Ken Masugi is Director of the Center for Local Government, The Claremont Institute. He is co-author of Democracy in California: Politics and Government in the Golden State (Rowman and Littlefield, 2002). Dr. Masugi is editor or co-editor of six other books, including (with Bradford P. Wilson) the Ashbrook Series on Constitutional Politics publication, The Supreme Court and American Constitutionalism.
He has extensive teaching experience, which includes two years as a visiting professor at Ashland University and visiting positions at James Madison College of Michigan State University, Princeton University, and the U.S. Air Force Academy, where he was John M. Olin Distinguished Visiting Professor. His federal government experience includes four years as a special assistant to the then-Chairman of the U.S. Equal Employment Opportunity Commission, Clarence Thomas (1986-90).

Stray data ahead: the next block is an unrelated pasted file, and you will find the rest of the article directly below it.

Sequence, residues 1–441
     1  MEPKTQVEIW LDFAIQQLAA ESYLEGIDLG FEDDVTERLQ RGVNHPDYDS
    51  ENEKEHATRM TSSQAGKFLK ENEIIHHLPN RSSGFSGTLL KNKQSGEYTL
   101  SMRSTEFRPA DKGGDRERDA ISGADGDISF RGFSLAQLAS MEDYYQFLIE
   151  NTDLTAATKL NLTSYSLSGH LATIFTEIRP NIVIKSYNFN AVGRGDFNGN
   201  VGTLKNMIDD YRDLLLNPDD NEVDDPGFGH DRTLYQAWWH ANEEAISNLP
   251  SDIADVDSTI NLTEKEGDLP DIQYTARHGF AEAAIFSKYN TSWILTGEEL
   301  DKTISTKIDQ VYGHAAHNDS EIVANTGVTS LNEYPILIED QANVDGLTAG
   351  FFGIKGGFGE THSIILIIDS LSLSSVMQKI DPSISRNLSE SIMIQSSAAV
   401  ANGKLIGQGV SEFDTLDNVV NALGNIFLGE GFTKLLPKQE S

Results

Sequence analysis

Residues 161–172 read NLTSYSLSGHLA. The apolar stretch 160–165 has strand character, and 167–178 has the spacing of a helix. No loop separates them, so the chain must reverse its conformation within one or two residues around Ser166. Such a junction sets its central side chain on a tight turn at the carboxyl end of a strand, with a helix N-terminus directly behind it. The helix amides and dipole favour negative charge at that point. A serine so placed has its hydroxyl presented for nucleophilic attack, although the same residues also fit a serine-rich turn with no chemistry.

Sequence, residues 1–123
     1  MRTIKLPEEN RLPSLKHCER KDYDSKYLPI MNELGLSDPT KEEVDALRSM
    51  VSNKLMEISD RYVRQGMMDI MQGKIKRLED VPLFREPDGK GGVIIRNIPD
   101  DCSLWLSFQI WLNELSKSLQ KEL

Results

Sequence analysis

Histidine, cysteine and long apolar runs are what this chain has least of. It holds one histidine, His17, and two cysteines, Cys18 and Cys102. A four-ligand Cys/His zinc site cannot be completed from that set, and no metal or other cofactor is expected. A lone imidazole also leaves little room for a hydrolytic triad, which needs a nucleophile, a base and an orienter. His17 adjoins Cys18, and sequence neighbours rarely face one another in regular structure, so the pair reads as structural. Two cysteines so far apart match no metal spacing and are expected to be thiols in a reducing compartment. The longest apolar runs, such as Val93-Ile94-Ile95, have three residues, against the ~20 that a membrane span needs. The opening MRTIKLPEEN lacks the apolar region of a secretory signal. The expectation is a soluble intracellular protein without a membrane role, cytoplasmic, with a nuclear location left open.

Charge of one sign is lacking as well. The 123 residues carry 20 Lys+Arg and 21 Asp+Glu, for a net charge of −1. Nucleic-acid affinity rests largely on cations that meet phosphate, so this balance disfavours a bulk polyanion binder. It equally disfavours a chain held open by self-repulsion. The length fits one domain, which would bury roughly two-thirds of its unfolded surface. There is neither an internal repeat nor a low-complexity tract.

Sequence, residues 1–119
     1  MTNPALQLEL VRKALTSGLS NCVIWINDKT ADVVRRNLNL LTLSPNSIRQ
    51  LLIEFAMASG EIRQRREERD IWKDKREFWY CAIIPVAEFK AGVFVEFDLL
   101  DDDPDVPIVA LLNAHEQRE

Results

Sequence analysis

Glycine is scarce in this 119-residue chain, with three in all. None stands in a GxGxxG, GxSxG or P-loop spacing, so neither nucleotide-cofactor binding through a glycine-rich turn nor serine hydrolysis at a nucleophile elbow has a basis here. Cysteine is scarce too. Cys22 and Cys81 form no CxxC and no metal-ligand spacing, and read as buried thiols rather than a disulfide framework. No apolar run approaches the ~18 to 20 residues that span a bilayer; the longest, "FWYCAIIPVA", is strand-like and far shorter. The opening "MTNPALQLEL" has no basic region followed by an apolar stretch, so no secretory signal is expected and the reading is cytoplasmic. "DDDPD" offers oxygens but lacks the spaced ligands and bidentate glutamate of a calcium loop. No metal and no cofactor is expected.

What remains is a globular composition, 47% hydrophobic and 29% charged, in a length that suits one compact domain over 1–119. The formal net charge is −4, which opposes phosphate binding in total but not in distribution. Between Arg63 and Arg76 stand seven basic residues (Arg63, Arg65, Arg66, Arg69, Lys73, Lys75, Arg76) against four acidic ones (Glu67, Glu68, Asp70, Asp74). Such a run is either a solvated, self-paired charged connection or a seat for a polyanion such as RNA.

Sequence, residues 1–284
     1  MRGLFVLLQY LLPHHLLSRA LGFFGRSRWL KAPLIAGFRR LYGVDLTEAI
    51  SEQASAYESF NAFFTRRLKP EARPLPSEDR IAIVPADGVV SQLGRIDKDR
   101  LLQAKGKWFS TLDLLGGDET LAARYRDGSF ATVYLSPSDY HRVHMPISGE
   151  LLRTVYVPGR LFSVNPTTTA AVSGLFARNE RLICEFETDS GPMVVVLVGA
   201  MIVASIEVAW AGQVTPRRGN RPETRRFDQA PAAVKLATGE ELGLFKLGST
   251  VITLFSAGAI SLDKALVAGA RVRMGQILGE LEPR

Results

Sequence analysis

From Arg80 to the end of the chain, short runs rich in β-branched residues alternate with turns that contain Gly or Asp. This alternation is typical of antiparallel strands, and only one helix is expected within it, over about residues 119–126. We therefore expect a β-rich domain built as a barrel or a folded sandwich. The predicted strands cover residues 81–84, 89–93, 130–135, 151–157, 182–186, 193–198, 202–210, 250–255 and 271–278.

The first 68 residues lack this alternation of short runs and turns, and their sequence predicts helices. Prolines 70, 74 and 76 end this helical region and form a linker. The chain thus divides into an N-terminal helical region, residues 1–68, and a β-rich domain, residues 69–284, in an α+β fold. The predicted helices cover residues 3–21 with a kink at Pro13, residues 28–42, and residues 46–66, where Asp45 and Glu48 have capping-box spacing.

Summary: America has had to reexamine its previous attitudes toward multiculturalism, in light of the September 11 attacks. When do cultural differences justify discriminatory treatment? What are the limits of toleration? The civilized principle of toleration is based on the first step of agreement on the self-evident truths of the Declaration of Independence—that all men are created equal. Now, our obligation as citizens is to perpetuate and refine that and other principles of the American Founding. The search for the establishment of our citizenship requires revisiting the American political tradition in light of today’s security exigencies and the liberty and “public happiness” that the American Founders hoped to establish. Dr. Masugi will preview these and other themes from his forthcoming book, Reconstituting American Citizenship: Natural Rights in the Face of Multiculturalism.